This is a contributing article from Trulia
Trulia recently released an enhanced search method that for commuters looking to rent in major metros. The website’s Rent Near Transit tool filters listings near subways and commuter train lines in Boston, Chicago, New York, Philadelphia, San Francisco and Washington D.C.
At no. 10 on the list of transit-friendly cities, the share of D.C. train and bus commuters dropped 4.2 percent between 2010 and 2014, helping lessen congestion.
Renters who take public transit in D.C. have an average one-way commute of 45 minutes. Although it might take a while, renting near the train cuts down on expenses. Where can you realistically rent within a 15-minute walk to the Metrorail? Take a look.
Renting under $2,000 per month
On the Red Line, from Shady Grove to Glenmont, 10 stops post median rents under $2,000 per month. Glenmont in Montgomery County, Maryland, is the least expensive at $1,637 per month, while Silver Spring inches toward the top of the budget at $1,952 per month.
The Green and Yellow lines run through Greenbelt ($1,925) and Prince Georges Plaza ($1,910).
West Hyattsville, with a median rent of $1,342, features the least expensive costs among all of D.C.’s public transit train stops. Renters in West Hyattsville can access the Green and Yellow lines relatively easily.
The Red, Green and Yellow lines pass through Fort Totten, where the median rent is $1,899 per month.
Neighborhoods under $2,500 per month
If you want to take the Red line and can spend more, consider White Flint ($2,170), Friendship Heights ($2,475), Van Ness-UDC ($2,445), Cleveland Park ($2,170), Rhode Island ($2,450), Brookland-CUA ($2,261) or Forest Glen ($2,500).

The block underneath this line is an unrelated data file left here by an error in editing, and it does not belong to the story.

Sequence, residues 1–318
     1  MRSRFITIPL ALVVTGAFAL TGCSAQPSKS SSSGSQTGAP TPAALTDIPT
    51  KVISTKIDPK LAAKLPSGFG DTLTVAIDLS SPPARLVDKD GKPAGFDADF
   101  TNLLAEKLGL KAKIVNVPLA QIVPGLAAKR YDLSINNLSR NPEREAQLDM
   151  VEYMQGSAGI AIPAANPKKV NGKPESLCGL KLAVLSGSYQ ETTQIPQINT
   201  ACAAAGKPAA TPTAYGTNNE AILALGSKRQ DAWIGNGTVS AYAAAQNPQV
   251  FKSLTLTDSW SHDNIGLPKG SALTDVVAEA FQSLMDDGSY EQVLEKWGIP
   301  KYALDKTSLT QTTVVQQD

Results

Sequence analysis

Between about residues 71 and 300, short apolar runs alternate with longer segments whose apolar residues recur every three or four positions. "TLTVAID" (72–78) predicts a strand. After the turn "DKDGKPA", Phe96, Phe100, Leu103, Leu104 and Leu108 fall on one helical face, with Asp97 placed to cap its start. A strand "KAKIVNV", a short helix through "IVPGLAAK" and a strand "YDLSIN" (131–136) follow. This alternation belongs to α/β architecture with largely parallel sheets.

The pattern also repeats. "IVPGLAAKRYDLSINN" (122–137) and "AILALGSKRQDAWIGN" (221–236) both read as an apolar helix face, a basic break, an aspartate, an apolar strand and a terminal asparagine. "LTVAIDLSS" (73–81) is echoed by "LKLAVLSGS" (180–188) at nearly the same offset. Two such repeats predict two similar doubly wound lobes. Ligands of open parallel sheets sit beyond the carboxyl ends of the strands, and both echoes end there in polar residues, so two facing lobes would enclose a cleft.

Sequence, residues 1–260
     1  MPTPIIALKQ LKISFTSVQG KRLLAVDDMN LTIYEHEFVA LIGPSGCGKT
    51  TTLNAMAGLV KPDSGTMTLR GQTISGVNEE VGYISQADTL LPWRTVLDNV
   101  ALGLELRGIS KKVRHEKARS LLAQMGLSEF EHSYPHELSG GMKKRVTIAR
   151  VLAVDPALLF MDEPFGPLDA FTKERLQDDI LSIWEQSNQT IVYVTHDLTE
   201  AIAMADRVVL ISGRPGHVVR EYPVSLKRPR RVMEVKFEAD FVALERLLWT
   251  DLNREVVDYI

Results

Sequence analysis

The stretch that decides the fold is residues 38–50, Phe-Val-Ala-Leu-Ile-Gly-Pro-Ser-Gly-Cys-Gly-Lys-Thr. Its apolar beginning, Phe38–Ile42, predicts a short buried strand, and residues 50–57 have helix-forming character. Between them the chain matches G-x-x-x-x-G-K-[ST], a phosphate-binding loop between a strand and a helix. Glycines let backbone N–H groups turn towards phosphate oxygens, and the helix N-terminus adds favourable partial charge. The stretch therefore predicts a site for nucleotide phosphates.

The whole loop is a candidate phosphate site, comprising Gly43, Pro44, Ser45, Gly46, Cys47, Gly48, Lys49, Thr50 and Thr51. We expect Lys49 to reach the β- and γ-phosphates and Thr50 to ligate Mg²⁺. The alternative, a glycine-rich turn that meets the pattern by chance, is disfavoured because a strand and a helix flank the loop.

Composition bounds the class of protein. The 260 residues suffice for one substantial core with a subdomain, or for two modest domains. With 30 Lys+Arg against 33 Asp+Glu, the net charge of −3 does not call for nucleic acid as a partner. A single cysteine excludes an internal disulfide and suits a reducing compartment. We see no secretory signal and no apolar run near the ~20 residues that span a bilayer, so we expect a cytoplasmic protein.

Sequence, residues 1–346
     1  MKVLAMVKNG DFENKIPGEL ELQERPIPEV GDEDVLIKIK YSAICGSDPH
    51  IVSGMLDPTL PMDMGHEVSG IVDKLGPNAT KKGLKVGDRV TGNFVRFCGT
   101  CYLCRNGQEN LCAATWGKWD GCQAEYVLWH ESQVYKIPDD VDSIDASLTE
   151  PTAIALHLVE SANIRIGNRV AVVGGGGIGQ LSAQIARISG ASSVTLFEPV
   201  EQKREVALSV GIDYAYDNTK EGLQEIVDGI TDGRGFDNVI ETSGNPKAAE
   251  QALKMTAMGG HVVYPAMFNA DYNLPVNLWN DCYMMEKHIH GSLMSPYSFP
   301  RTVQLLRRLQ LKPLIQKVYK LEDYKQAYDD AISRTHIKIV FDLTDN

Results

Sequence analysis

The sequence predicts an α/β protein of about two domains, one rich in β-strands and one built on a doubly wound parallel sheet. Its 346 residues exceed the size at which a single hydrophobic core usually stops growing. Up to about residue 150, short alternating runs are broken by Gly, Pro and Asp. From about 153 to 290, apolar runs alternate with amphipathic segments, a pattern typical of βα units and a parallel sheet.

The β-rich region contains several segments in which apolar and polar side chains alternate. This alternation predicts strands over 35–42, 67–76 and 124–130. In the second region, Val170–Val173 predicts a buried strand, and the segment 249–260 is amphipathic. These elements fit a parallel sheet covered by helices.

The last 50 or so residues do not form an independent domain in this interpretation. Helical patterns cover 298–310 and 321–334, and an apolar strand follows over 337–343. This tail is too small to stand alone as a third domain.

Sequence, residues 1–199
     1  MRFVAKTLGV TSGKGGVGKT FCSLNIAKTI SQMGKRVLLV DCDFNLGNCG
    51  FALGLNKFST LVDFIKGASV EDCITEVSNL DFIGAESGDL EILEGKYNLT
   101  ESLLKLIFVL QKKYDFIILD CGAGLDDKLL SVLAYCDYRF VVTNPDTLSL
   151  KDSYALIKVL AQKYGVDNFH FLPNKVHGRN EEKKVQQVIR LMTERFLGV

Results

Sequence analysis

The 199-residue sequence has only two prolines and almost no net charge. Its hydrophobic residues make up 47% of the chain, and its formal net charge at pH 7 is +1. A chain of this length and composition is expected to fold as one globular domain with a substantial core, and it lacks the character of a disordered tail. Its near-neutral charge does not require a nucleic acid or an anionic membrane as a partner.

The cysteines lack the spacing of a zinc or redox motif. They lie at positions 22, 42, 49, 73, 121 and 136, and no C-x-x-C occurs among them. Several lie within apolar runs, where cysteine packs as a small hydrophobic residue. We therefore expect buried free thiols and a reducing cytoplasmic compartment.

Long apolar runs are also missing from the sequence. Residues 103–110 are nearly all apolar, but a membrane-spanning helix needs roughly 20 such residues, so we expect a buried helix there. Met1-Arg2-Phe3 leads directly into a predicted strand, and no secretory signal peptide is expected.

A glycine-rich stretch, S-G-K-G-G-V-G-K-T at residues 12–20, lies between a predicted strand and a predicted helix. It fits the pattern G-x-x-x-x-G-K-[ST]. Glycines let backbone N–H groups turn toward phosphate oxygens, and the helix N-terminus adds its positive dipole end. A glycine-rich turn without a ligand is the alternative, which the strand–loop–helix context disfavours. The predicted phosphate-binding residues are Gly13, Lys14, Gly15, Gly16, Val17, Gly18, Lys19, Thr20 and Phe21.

Georgia Avenue-Petworth and Columbia Heights are the mid-range stops for the Green and Yellow lines, at a median $2,366 and $2,400 per month, respectively.
Most expensive neighborhoods near metro lines
A total of 10 neighborhoods within walking distance of the D.C. Metrorail feature median rent above $2,500 per month.
For Red Line commuters on the Maryland side, Medical Center costs $2,552 per month, while Bethesda is $2,610 per month. Within D.C. city limits, renters in Tenleytown ($2,655), Woodley Park-Zoo ($2,795) and Farragut North ($2,730) benefit from Red Line accessibility.
The McPherson Square stop, where the Orange, Grey and Blue lines pass through, has a median rent of $2,700 per month.
Three neighborhoods to catch the Green and Yellow lines cost more than $2,500 per month: College Park ($2,700), U Street ($3,100) and Shaw ($3,200).
Unfortunately, there isn’t much correlation between lower rents and one definitive train line for D.C. commuters. The most expensive and least expensive areas are both on the Green and Yellow line routes, although costs increase within the city limits.
Jennifer Riner is a reporter for Inman who also writes on assignment for Trulia.